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Can you name a ccc forcing with the following properties?

1) Atomless and separative

2) The least size of a dense set is large, say at least $\aleph_3$, hopefully as big as you like.

3) Existence is consistent with CH.

4) Preserves CH.

If you can think of any, please list as many as you can.

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up vote 6 down vote accepted

Thanks to Michael Blackmon for this idea:

If P has the ccc and preserves CH, then there is a contiuum sized regular suborder R that adds all the reals P will add. The factor forcing P/R is ccc and $\omega$-distributive, a Suslin algebra. A theorem (of Jech?) says that any Suslin algebra has size at most $2^{\omega_1}$. So there is a bound on the size of P.

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Very nice idea. I guess you mean that it is $(\omega,2)$-distributive, rather than $(\omega,\infty)$-distributive, since not adding reals is only equivalent to $(\omega,2)$-distributivity, not $(\omega,\infty)$-distributivity. Is this enough for the Suslin algebra theorem you mention? – Joel David Hamkins Oct 5 '12 at 21:56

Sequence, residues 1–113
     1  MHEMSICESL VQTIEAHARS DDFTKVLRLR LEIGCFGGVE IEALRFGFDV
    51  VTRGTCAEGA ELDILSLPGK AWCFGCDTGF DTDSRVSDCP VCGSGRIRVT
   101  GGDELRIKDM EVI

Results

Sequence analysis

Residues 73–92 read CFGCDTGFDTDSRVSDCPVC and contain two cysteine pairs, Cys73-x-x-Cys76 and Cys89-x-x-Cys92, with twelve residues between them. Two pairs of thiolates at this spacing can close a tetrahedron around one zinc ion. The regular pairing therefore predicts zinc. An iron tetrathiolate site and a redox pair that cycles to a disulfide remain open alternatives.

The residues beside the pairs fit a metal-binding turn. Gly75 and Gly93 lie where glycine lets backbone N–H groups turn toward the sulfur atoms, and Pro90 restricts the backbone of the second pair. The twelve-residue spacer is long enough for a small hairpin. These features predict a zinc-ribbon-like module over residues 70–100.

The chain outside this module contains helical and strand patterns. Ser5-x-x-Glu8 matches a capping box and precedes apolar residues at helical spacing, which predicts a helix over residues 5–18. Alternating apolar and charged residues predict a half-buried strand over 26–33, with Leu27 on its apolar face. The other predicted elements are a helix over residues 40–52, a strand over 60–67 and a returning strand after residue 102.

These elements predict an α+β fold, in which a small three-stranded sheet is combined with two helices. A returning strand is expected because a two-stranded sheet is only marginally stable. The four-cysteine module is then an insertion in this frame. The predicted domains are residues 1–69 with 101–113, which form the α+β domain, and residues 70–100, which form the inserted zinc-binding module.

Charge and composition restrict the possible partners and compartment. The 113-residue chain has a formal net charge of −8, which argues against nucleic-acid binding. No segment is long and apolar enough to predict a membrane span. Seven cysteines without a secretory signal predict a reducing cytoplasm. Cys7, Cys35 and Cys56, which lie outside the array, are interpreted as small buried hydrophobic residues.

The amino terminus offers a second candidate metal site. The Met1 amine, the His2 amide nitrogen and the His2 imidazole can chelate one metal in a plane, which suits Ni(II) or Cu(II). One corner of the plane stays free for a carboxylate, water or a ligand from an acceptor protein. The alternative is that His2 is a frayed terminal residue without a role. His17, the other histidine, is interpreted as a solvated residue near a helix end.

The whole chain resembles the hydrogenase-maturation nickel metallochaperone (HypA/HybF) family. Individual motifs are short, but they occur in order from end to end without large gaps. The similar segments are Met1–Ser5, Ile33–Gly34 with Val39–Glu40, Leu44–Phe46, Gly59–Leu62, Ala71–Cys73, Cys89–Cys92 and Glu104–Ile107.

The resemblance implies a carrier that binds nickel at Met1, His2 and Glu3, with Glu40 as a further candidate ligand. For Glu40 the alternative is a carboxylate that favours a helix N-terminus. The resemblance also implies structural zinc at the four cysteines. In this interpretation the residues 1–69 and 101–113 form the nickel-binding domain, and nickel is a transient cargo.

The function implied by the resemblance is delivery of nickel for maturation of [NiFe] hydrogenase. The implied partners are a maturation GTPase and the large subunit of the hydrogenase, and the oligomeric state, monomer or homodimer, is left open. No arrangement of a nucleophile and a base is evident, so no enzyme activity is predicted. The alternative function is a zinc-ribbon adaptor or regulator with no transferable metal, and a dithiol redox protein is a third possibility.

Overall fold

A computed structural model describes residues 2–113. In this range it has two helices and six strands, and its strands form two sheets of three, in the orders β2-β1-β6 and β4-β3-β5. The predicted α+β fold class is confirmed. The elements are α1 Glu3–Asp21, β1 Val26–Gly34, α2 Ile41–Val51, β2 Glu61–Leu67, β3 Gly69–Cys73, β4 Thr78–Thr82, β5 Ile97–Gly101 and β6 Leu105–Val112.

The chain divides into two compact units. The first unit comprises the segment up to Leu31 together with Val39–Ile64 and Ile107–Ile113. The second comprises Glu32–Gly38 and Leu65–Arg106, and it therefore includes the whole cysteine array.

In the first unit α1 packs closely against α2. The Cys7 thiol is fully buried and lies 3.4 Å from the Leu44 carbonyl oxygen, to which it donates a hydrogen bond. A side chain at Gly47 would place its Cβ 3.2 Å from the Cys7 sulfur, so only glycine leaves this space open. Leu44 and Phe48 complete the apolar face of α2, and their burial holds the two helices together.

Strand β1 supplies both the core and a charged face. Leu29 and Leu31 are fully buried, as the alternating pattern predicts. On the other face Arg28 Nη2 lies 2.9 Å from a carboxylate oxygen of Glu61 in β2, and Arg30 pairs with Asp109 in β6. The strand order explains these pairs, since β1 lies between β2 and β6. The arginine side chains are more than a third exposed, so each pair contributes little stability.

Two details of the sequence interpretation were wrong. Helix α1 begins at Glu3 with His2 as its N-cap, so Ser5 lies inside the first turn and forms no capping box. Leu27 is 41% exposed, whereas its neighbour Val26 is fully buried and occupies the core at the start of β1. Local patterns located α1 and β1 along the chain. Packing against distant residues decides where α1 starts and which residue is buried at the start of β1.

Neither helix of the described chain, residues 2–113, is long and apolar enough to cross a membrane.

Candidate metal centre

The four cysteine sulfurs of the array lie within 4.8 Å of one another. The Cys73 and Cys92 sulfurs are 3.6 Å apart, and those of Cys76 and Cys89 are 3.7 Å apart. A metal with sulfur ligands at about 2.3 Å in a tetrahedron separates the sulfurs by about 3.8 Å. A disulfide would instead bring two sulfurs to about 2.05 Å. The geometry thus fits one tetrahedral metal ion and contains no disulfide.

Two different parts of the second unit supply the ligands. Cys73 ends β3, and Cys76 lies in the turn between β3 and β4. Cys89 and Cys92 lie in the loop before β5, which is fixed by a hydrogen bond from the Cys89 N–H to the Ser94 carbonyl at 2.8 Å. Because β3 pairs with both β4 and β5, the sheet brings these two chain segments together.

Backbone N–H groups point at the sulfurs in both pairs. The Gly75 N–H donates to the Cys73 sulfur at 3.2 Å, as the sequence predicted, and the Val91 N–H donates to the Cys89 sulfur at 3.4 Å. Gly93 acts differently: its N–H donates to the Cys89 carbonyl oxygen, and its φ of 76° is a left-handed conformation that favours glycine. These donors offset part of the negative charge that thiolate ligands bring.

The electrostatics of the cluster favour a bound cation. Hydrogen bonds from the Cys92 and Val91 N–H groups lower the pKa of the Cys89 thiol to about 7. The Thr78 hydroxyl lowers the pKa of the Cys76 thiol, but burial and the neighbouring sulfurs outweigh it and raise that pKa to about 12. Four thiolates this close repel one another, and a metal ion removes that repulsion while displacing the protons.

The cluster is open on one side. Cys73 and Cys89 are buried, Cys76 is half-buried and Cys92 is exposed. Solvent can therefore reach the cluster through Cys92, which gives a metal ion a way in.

This is great! It would be nice to have it fleshed out. (Here or elsewhere, but it would be nice if Michael made a comeback on MO...) – François G. Dorais Oct 6 '12 at 2:25
Joel, since we have the ccc here, $(\omega,\infty)$-distributivity is equivalent to $(\omega,\omega)$-distributivity. Easy to see using the definition in terms of common refinements of sets of antichains. – Monroe Eskew Oct 6 '12 at 20:10

Here is a way to produce examples with arbitrarily large densities.

Let $\mathbb{P}$ be any c.c.c. forcing that preserves CH, such as the forcing to add a Cohen real, and let $\mathbb{Q}=\kappa^\ast$ be the decreasing linear order of length $\kappa$, a large regular cardinal. Consider the product partial order $\mathbb{P}\times\mathbb{Q}$ as a notion of forcing. This is still c.c.c., since all conditions in the second coordinate are compatible as it is linear. But every dense set must also be dense in the second coordinate and therefore have size at least $\kappa$. Since the second coordinate is trivial as a forcing notion, the product $\mathbb{P}\times\mathbb{Q}$ is forcing equivalent to $\mathbb{P}$, which preserves CH, and so $\mathbb{P}\times\mathbb{Q}$ has all your desired properties.

This kind of example, however, may lead you to modify the question, since it is not separative.

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Good point, I will modify it. – Monroe Eskew Sep 20 '12 at 4:54

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